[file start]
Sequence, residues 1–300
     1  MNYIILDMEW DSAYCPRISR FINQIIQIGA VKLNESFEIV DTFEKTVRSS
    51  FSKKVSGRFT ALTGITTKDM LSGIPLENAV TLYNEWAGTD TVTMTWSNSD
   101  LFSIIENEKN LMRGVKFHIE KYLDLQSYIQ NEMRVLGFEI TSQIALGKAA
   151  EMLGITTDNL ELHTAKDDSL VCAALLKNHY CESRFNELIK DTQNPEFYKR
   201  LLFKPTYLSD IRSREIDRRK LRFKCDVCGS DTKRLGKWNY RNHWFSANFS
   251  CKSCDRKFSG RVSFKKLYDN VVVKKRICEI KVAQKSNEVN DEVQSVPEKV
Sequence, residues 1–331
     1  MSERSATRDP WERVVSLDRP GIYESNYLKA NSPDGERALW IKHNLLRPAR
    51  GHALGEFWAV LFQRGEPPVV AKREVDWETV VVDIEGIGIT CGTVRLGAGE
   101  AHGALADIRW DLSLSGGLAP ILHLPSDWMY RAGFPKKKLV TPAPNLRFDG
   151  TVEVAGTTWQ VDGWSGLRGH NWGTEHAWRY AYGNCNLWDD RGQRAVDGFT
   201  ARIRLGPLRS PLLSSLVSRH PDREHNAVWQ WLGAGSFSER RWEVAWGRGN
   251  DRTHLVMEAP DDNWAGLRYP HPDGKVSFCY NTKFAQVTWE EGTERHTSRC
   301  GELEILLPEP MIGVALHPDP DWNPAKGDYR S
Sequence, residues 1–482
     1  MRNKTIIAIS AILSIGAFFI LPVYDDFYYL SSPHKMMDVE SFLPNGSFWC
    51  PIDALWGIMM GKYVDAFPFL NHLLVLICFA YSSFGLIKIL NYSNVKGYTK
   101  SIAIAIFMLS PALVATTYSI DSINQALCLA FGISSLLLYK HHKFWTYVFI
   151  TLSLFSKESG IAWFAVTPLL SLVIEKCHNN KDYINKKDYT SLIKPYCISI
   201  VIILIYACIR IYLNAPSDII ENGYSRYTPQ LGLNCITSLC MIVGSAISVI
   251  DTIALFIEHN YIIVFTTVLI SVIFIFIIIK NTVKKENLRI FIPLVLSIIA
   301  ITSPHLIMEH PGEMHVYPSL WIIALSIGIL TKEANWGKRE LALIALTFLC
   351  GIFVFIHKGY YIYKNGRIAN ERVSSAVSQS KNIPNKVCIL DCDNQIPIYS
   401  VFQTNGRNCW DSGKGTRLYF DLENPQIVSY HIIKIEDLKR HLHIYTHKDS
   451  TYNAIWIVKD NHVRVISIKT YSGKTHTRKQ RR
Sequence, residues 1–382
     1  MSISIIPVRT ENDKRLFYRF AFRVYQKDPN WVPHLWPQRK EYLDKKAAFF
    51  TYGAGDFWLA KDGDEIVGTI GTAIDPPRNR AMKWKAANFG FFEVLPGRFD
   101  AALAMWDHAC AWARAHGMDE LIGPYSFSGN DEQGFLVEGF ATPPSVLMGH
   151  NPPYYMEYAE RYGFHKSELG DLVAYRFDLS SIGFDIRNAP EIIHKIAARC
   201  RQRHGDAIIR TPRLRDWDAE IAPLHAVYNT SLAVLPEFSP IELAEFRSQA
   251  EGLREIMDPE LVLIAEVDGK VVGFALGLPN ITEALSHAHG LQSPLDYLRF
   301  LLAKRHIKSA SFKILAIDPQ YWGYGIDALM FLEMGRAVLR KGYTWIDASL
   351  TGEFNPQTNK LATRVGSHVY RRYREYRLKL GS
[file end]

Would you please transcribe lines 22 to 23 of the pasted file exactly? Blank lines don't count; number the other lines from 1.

   251  DTIALFIEHN YIIVFTTVLI SVIFIFIIIK NTVKKENLRI FIPLVLSIIA
   301  ITSPHLIMEH PGEMHVYPSL WIIALSIGIL TKEANWGKRE LALIALTFLC